A Bible question I get more often than any other is this: How do we know for sure that the Rapture of the Church will occur before the Tribulation period? Here is a Bible study I did back in 2011 listing Ten Reasons for a Pre-Tribulation Rapture.
First, the Call to “Come Up Hither” in Revelation 4:1. If the chronology of Revelation means anything, it is significant that this is the point in the book where John is translated to heaven. The vantage point from which John relates the judgments of the tribulation is from Heaven. He doesn’t describe the tribulation as if he is going through it on the earth. He does not come back down to earth until 17:3. Notice that the details surrounding this verse are in perfect accord with the great description of the Rapture that we find in I Thes. 4:16ff. (Open door, voice of God, sound of trumpet, call to “come up”)
Second, the lack of any reference to the Church after chapters 2 and 3. (The Church is Gone). Again, the chronology is significant. In chapter 2 and 3, the word church is used 20 times. But as soon as you get to chapter 4, there is no mention of the church at all! Not until the Marriage Supper of the Lamb in chapter 19 is the church in view. The total absence of the church from chapters 4-18 is worthy of note.
Third, the Promise to the church at Philadelphia (Rev. 3:10). Most Bible scholars will agree that this church represents the true church in all ages, and particularly at the end of the church age in the midst of apostasy. The promise “I will keep thee from the hour of tribulation” is clear. Only those who see no connection between the messages to the seven churches and the course of church history could refute this text.
Fourth, the Purpose of the Tribulation: to chastise Israel. This period is known as the time of Jacob’s trouble (70th week of Daniel). For those who hold to a dispensational interpretation of prophecy, God is not through with Israel yet. (Romans 11) If you see no real distinction between Israel and the church, then you end up with the church suffering during the tribulation, not Israel. This goes against all of Scripture as it relates to what God is trying to accomplish in this period of chastisement.
Fifth, the teaching of I Thessalonians 5:1-4 about believers not being “overtaken” by the day of destruction. We are the children of light, not darkness. Therefore, that day of destruction (like a thief) "will not overtake us". That can only mean believers will not be subjected to the judgments of the tribulation.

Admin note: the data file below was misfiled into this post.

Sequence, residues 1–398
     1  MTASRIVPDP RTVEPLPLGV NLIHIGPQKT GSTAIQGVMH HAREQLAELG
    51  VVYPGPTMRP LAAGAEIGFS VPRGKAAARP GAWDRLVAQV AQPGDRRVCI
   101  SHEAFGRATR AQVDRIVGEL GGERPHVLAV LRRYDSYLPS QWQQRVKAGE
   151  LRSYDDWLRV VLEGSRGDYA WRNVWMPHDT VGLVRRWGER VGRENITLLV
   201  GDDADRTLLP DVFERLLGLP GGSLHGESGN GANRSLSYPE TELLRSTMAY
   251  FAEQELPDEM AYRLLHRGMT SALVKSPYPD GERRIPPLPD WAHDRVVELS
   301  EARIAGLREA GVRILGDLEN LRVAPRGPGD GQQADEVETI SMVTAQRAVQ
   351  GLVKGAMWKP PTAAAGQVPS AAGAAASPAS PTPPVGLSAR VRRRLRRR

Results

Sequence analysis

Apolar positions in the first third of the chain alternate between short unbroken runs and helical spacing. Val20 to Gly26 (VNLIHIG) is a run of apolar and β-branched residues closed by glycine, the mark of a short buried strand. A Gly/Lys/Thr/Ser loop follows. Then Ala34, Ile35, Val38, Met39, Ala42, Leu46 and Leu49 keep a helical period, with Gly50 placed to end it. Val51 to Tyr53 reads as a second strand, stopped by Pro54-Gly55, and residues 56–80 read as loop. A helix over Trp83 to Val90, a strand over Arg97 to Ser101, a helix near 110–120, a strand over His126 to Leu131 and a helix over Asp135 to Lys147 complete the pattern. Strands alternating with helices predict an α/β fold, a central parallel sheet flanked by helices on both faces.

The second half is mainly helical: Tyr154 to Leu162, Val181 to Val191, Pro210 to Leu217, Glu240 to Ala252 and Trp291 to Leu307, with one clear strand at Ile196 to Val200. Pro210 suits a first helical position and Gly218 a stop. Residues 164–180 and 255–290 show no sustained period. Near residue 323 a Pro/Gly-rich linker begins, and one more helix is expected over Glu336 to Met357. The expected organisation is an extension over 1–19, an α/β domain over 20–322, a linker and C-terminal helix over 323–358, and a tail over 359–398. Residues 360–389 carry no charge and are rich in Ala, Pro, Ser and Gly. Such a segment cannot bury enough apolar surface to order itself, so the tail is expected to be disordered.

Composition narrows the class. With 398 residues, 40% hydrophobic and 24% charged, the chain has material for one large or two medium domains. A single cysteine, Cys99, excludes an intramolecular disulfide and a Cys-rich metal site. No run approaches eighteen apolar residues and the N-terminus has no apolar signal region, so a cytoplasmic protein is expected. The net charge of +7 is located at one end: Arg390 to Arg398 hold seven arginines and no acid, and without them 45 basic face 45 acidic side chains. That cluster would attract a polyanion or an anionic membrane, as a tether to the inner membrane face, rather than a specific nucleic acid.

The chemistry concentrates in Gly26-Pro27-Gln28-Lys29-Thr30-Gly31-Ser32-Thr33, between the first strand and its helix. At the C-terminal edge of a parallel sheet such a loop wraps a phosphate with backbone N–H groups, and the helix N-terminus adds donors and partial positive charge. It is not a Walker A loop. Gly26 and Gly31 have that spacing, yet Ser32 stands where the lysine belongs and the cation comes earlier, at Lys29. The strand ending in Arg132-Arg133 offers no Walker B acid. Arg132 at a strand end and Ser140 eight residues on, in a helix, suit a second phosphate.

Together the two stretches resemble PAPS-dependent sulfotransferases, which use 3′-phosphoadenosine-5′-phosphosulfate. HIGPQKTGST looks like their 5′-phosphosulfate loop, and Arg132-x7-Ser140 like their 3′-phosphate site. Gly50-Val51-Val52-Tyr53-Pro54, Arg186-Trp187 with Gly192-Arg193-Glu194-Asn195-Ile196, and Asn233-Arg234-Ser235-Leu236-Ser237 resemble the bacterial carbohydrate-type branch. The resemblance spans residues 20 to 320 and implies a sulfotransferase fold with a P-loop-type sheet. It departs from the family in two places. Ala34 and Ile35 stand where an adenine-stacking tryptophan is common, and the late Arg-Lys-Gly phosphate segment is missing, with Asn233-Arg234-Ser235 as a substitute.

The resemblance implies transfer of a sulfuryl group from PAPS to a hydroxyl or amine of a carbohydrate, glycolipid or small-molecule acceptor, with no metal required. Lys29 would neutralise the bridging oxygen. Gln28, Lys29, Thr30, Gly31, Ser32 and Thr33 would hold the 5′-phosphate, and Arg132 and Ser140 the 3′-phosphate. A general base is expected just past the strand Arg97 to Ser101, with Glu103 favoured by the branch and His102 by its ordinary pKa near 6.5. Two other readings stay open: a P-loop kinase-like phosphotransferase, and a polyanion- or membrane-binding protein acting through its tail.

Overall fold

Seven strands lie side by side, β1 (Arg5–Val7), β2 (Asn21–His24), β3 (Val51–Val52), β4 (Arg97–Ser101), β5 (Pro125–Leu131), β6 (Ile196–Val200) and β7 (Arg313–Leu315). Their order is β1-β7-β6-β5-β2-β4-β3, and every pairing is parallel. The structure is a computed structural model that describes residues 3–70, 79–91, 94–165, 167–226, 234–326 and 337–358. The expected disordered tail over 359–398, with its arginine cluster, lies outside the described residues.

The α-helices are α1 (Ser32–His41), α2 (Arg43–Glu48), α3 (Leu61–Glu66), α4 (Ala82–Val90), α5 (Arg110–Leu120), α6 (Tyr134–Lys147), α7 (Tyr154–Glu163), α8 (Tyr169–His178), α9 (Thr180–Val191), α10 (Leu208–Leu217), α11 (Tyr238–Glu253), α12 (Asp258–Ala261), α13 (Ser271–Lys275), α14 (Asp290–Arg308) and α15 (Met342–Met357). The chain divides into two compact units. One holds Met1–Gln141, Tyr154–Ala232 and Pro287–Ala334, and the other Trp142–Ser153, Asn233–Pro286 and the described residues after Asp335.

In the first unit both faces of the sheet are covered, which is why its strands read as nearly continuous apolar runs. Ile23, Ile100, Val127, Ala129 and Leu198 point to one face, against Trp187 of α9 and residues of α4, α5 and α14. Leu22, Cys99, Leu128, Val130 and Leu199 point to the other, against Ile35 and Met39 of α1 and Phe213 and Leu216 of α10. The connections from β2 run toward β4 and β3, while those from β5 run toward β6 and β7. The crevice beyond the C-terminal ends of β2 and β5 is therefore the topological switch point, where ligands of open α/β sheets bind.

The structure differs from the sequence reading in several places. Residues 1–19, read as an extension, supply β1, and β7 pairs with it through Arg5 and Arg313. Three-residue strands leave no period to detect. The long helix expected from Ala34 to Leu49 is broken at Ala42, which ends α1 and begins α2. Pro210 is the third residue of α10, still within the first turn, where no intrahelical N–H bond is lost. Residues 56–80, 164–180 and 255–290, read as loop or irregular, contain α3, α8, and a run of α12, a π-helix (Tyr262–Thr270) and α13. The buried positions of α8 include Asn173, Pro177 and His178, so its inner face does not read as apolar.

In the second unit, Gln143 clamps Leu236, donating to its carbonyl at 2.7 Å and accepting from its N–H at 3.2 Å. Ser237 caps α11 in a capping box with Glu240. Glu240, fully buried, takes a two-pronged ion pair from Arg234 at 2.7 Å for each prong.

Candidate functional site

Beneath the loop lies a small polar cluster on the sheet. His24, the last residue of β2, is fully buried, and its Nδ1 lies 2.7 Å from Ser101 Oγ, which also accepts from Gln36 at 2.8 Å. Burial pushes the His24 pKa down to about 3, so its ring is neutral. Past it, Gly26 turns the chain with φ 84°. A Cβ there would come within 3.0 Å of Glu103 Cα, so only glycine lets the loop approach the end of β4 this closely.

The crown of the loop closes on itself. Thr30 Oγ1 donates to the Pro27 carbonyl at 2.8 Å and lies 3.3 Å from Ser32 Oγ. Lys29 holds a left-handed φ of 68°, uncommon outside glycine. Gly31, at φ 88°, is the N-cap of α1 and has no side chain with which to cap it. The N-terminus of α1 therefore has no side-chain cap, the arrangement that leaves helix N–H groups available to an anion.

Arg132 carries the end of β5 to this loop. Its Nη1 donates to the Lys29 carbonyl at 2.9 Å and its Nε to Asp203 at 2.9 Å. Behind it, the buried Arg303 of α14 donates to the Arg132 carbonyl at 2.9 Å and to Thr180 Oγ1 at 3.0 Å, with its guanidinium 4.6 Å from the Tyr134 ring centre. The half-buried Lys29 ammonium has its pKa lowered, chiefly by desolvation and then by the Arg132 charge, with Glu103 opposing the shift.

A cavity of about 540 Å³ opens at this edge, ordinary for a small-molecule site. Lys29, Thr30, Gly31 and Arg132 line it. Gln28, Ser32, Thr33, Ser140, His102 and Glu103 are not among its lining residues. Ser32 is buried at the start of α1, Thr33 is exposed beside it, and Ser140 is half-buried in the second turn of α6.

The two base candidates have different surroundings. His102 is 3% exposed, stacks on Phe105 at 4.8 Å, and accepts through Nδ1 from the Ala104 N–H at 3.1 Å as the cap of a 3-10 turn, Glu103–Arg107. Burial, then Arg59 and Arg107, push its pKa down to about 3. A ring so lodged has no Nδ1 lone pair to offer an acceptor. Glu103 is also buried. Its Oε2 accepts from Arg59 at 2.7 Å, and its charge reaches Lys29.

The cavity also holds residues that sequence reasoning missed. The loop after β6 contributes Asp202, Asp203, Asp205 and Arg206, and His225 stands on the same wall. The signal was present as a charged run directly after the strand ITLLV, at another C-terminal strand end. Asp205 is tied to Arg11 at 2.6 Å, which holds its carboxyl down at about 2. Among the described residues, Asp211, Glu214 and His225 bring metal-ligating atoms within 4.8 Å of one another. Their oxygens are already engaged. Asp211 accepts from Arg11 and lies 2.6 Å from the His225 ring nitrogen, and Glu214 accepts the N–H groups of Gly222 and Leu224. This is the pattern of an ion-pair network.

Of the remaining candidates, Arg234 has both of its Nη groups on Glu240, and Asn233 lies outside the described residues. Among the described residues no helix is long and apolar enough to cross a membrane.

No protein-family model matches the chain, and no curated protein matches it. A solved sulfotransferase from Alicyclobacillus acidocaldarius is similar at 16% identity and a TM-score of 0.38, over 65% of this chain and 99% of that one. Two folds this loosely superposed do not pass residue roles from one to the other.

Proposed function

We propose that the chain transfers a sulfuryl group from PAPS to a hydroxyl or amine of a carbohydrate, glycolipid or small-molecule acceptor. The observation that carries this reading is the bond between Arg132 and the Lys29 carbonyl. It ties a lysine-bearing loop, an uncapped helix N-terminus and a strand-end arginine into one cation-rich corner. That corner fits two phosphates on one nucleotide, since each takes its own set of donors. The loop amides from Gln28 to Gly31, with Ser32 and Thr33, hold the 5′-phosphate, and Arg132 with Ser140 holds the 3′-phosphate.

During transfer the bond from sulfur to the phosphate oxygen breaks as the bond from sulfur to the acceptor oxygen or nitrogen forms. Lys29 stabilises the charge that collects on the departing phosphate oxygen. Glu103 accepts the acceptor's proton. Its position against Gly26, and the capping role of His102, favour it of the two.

Sixth, the Statement in I Thessalonians 5:9 that God has not appointed us to wrath. Some could, of course, argue that this is only speaking of hell. But is it logical to think the grace of God keeps us from the wrath of hell but not the wrath of the tribulation? Some say the first half of the tribulation is not a time of “wrath” at all. That’s not the opinion of those who suffer through it, according to their own statement in Revelation 6:17. Look at this doctrine in light of the theology of Romans 8:1. There is therefore now no condemnation to them who are in Christ Jesus.
Seventh, the Fact that the “Hinderer”, or “Restrainer” is taken out of the way. II Thessalonians 2 says that the man of sin will not be revealed until there is a falling away first, and the one who now restrains (the Holy Spirit of God) will continue to restrain until he is taken out of the way. The close association between the Holy Spirit and the Church leads logically to the conclusion that both of these restraining influences will be lifted during this period of lawlessness.
Eighth, the Old Testament illustrations of God delivering the righteous out before judgment falls. The account of Enoch (his translation before the flood), and Lot in Sodom are types of the Rapture.
Ninth, the Coming of Christ is referred to as the “Blessed Hope” of the Church in Titus 2:13. Where is there any “blessed hope” if you have to survive the awful seal judgments, etc.? In I Thes. 4:16-18, the “caught up” or rapture truth is presented as a message of comfort.
Tenth, the Worship scene around the throne of God in Rev. 4 and 5 is by those who were “redeemed”. Once again, this is an argument from the chronology of the book of Revelation. What you have is a vast array of redeemed saints worshipping the Lamb in Heaven while judgment is poured out on earth. If we are seen in heaven worshipping Christ in chapter 5, how can we be back on earth suffering the seal judgments of Revelation 6? If believers go through the tribulation, the worship scene would naturally fall sometime subsequent to, not before, the period of tribulation.
I hope this is helpful and encouraging to all who might be fearful they are going to have to suffer through the Tribulation. Thank God for the promises of His Word, particularly Rev. 3:10.